Parenting questions to follow:
Last year was all about Skylanders! My children HAD to have as many game pieces as possible (and that I totally understand from my hockey card collecting days). If their friends had 25 characters, my kids needed the same 25. Keeping up with the Joneses, I believe. But then came the search for the elusive Ninjini character they HAD to have. Only one other kid had one, and he got it from the United States. Ninjini was selling on eBay for $80.00 and my kids would have ordered them all if given the opportunity.
I finally found one by fluke, when I walked into an EB Games location in downtown Toronto, but by the time I let the kids open her (only a week as I contemplated selling her on eBay) their interest in Skylanders was waning because the new phase of Skylanders were coming – Swap Force – and no one wanted to play with the older once anymore.
In fact, Linus would play the game and Stewie would watch… for hours. Sometimes. Boo would use the character names or expressions and we would laugh because it was funny coming from someone who never played the game.
In our house, that fad has fizzled.
Now it’s all about Pokémon.
First Linus, the oldest, became interested, then midway through the school year, Stewie expressed his interest in collecting the cards and learning to play the game with his classmates.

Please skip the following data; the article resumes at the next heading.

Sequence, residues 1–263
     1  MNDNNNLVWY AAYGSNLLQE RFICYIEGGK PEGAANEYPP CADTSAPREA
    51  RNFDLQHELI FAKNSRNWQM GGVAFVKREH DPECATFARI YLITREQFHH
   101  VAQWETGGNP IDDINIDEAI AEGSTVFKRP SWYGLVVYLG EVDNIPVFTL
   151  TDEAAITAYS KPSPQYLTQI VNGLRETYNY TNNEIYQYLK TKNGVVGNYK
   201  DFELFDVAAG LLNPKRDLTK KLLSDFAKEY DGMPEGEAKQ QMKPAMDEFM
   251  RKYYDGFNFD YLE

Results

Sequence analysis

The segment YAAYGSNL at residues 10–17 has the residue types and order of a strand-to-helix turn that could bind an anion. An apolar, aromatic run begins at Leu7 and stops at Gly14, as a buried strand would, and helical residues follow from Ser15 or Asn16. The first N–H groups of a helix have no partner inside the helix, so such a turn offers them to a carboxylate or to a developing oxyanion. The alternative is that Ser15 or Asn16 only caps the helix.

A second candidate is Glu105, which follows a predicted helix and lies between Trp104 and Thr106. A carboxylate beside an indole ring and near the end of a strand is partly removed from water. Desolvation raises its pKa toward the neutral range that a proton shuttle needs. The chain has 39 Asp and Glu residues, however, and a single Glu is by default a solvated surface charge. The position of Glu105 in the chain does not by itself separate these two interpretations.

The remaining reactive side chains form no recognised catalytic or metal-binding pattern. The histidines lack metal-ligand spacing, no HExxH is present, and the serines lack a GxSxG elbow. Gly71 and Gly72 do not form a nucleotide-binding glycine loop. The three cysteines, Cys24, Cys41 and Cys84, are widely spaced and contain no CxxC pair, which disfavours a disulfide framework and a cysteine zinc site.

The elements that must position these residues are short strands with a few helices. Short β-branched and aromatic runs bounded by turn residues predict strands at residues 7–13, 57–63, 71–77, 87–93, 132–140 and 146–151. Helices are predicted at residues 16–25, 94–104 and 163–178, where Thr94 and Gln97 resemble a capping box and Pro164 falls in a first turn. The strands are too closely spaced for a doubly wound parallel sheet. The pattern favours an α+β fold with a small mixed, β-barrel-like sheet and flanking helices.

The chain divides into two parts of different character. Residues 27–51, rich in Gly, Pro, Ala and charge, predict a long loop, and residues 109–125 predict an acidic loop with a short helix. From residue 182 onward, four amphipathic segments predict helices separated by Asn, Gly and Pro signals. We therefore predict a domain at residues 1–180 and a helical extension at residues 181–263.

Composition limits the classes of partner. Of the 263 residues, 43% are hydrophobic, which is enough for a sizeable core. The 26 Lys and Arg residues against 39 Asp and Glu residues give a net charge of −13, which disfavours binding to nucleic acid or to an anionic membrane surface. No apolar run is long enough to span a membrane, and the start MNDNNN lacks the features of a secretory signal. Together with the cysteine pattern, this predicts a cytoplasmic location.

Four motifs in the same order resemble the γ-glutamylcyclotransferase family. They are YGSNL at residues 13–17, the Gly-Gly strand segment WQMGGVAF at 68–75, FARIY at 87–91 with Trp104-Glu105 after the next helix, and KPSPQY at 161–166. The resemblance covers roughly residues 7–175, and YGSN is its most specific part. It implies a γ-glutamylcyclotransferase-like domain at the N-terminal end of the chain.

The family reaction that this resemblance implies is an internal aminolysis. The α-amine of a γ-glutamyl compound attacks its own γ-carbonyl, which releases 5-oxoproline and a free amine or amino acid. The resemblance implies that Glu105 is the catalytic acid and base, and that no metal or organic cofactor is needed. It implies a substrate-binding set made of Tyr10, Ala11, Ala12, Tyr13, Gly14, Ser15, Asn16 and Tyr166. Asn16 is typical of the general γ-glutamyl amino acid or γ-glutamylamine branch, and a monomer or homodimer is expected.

What I don’t understand – and it might just be because they are brothers – and I don’t have a brother, is that they trade cards, they give away cards and they steal each others cards.
What’s up with that?
Do they not understand that if one kid has a gold card in their room at 9am, and by noon that card is missing that it is painfully obvious that the other took it?
But they deny it.
They write notes to each other.
They send each other bills for the missing cards based on a value clearly decided upon while reading a Richie Rich comic ($1,000,000).
Then the card(s) turn up with an elaborate story involving wind currents, forgetfulness, and finger-pointing at anyone and everyone but themselves.
We know what’s going on.
They know what’s going on.
Why do they do it?
Is this what brothers do?